And what of Alex Salmond's forward-looking plan? He points out oil may be running out, but more slowly than previously thought, and at a higher value per barrel.
Fuelled by Middle East tensions, benchmark Brent Crude nearly hit $120 per barrel on Wednesday.
So that's where he gets his suggestion that £1bn could be set aside by an independent Scotland each year, resulting in £30bn after 20 years.
It is merely illustrative. It doesn't seem to be a commitment.
And how could it happen? Well, if Norway is the example to follow - or indeed, common sense - the paying off of debt would be necessary before building up a fund.
The UK now has £1 trillion in net public sector borrowing.
If an independent Scotland gets its share of that - either population-based or the relative size of its economy - it could expect to take on slightly more than £80bn of debt.
That's a lot. It's not significantly, proportionately different from the debt carried currently by the UK, so although interest payments cost more this year than the entire defence budget, it ought to be manageable.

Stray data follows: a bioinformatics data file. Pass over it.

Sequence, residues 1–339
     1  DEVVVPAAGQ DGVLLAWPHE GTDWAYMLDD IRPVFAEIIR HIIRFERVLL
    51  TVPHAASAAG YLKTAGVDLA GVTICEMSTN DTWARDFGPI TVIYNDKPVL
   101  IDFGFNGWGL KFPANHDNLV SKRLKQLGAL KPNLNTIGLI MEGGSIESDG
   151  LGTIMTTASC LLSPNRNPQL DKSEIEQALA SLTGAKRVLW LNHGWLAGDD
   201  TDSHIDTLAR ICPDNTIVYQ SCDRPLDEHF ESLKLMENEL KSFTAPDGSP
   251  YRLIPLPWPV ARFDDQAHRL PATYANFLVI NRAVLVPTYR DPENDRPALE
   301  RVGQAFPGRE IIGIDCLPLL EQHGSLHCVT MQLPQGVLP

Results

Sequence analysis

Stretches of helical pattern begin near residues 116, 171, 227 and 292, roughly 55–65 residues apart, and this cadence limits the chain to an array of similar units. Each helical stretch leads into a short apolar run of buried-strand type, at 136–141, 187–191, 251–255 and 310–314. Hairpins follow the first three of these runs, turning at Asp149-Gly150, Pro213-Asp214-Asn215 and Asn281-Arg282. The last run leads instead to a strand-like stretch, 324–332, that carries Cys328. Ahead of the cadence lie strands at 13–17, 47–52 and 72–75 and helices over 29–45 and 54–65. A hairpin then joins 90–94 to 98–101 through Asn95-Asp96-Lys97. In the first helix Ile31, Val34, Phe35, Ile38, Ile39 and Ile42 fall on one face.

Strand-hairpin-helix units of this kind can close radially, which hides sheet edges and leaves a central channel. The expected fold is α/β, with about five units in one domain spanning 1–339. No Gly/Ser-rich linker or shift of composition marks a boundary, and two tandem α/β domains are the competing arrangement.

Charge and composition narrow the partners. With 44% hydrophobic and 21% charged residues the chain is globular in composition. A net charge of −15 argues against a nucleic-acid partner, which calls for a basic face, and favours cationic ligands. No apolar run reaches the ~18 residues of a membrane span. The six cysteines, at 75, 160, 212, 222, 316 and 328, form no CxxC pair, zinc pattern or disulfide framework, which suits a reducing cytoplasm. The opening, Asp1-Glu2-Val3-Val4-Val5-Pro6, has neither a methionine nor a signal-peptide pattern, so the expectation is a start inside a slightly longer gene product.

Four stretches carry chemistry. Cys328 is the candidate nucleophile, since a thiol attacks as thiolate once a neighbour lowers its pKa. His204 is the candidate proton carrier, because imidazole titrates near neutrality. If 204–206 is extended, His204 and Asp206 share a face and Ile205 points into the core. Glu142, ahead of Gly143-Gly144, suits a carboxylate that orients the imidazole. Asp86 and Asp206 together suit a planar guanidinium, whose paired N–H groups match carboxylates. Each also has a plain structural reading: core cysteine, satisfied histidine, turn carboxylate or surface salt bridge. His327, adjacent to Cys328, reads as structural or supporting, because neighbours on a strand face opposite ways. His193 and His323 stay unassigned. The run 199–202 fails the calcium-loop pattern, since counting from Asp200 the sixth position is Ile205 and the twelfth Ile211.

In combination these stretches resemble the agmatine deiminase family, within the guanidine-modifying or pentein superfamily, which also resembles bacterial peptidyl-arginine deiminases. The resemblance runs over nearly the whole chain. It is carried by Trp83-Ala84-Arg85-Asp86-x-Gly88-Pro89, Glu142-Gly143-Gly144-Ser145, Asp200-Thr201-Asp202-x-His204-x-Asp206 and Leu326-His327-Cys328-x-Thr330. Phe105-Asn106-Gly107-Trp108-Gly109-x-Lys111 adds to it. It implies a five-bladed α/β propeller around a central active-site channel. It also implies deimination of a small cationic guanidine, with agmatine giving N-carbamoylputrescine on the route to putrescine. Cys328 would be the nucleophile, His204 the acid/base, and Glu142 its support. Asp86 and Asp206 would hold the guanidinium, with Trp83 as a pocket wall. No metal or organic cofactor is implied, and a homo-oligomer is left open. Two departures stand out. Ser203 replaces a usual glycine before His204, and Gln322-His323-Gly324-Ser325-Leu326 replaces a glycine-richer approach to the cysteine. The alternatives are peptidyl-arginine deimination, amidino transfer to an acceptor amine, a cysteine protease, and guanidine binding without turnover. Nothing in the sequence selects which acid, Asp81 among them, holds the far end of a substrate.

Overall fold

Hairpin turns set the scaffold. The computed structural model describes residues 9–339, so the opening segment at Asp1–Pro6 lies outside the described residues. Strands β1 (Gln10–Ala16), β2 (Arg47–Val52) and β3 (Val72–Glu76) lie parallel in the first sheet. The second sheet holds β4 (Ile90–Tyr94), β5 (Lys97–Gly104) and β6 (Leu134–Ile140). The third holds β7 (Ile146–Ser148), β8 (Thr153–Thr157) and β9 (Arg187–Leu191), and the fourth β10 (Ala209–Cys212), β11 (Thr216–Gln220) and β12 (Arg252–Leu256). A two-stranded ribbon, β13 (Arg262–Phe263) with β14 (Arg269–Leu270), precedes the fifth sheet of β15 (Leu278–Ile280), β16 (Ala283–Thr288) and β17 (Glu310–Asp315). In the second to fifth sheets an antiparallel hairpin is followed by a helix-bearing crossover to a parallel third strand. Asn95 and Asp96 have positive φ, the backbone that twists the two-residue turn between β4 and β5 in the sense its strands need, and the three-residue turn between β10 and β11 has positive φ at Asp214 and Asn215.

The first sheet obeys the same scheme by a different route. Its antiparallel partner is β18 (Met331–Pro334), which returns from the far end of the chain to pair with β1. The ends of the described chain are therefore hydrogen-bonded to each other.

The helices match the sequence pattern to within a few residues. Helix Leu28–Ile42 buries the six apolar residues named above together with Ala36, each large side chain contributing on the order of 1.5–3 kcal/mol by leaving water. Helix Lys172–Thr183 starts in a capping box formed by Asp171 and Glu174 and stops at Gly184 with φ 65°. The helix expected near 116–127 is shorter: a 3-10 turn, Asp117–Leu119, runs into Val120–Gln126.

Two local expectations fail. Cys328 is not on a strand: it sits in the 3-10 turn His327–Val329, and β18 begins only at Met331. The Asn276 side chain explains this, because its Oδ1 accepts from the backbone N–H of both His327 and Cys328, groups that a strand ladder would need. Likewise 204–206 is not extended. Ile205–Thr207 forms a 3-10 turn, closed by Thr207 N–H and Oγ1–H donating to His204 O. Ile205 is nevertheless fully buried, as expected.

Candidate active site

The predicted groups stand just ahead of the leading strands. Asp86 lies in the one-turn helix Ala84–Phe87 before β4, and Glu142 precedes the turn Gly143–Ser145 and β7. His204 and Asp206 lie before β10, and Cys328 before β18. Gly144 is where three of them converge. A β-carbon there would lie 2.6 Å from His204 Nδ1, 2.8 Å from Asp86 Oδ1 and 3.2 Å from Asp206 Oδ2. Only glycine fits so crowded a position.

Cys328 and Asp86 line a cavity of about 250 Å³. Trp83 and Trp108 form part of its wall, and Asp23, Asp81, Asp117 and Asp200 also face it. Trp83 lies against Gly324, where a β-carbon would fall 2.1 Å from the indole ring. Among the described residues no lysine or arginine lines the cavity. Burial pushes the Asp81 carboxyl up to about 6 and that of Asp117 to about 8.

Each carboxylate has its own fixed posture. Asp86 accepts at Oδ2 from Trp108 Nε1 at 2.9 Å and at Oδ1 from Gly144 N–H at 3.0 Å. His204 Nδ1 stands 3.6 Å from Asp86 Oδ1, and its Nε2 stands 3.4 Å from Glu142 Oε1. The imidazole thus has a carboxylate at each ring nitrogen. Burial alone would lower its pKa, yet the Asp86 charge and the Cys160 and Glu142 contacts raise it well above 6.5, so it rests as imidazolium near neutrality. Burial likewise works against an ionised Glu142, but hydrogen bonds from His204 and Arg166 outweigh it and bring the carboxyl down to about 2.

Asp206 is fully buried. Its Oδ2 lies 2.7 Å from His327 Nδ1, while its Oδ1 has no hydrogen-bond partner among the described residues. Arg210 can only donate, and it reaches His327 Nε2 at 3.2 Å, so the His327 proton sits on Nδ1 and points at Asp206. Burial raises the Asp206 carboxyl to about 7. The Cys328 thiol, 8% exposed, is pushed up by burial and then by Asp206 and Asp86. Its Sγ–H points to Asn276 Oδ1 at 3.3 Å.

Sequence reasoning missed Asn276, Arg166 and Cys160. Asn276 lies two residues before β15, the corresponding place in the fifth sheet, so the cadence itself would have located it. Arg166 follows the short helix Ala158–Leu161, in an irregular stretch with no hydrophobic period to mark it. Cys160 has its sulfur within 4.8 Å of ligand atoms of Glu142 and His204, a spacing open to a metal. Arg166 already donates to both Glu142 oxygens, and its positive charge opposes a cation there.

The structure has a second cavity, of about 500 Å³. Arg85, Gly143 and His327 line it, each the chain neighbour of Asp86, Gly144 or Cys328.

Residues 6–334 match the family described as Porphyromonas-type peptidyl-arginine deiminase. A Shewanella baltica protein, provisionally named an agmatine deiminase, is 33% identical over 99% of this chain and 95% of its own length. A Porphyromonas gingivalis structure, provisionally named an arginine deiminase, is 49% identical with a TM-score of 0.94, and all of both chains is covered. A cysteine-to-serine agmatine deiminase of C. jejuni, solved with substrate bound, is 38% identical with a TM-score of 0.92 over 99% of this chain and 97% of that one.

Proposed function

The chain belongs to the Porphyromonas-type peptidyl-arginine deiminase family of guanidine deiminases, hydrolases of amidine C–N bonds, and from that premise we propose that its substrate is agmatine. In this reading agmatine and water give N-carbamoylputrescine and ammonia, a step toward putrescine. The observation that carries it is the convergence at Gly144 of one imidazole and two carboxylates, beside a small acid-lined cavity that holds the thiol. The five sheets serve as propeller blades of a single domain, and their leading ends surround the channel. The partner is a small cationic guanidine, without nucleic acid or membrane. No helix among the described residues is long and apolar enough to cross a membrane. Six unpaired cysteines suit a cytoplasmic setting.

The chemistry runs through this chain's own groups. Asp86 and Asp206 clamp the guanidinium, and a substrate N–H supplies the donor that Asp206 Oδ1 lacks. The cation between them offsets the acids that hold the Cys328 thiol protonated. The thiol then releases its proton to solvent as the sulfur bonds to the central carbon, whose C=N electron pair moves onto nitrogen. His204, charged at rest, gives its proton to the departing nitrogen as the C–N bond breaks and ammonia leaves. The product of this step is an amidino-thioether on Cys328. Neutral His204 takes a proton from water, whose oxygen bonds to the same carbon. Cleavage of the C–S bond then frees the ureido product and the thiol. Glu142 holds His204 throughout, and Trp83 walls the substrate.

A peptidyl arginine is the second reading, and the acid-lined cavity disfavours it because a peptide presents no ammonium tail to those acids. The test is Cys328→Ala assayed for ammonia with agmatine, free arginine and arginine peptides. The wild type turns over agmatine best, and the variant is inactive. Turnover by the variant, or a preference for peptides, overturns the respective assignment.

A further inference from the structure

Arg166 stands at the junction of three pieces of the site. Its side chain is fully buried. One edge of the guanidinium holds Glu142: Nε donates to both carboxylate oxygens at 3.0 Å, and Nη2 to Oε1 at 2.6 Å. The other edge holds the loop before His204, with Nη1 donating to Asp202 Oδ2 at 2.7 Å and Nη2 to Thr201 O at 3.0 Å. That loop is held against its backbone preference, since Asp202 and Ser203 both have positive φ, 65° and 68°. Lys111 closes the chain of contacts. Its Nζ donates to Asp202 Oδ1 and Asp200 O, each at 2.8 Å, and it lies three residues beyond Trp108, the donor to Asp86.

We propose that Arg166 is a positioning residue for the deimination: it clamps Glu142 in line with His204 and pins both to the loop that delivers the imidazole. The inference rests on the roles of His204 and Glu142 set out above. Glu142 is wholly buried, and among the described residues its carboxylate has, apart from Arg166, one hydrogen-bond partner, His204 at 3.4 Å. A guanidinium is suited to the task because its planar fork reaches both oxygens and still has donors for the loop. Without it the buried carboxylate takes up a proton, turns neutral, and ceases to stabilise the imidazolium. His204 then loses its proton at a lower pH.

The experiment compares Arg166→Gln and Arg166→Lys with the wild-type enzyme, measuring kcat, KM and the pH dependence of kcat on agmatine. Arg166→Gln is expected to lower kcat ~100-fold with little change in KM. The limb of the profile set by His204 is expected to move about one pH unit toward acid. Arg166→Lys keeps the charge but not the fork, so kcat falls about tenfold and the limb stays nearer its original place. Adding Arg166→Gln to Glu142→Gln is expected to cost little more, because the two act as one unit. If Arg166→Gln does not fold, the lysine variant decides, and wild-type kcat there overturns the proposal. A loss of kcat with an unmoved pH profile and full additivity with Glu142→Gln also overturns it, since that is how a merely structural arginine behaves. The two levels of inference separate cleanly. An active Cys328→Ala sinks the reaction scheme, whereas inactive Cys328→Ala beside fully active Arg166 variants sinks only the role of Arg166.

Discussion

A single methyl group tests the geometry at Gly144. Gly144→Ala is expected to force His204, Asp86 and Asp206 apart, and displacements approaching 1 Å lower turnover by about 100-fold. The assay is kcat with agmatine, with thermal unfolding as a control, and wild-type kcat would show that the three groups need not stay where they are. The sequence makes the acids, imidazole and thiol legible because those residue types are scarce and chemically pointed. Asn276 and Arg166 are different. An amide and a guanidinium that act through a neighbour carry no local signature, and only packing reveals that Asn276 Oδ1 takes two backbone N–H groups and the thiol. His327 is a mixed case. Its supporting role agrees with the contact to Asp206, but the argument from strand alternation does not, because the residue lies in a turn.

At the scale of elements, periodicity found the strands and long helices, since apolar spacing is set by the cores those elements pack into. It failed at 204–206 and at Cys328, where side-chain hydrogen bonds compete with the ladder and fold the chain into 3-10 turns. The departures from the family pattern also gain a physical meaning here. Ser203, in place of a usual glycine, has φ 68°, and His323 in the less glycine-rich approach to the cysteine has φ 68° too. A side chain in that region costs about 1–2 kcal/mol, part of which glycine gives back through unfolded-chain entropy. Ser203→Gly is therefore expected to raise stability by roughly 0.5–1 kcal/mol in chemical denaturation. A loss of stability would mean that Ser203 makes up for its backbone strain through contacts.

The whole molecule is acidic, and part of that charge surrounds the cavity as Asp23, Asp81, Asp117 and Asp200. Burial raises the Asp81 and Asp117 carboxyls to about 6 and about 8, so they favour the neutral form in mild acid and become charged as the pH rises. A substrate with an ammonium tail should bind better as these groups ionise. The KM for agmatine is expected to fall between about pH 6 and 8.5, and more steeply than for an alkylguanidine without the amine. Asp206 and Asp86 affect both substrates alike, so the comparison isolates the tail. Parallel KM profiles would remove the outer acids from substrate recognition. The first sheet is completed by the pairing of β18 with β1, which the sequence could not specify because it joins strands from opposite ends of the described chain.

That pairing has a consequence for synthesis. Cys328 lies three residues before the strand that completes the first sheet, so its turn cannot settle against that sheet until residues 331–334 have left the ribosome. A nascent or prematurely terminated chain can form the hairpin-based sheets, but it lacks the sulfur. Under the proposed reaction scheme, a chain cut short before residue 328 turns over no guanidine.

But then there's plenty argument to be had about whether Scottish debt could be financed at the same low rates the UK currently enjoys.
It could face an interest rate premium due to its lack of an independent credit history, and its politicians' appetite, from both main parties, for more borrowing to boost government spending.
The lesson from bond markets around Europe is that higher borrowing comes at the price of higher risk of default.
But it can also be pointed out, citing Moody's recent negative outlook on UK government credit, that not enough borrowing can have a similar effect through stunting growth.
So if an independent Scotland eventually made the sacrifices to pay down the debt to zero, it would only then face continuing sacrifices to put money aside if it's to amass £30bn within 20 years.
And while there are some years when Scotland turns a fiscal surplus - including a geographic share of oil revenue and excluding capital spending - there haven't been spectacular surpluses for many years.
Except in a rare good year, that oil revenue would be needed to sustain the current level of spending on public services and welfare payments.
Much of this may sound familiar to those who have followed the debate down the years.
But one factor that is less familiar is the external challenge to the prevailing story of Scotland as subsidy-junkie.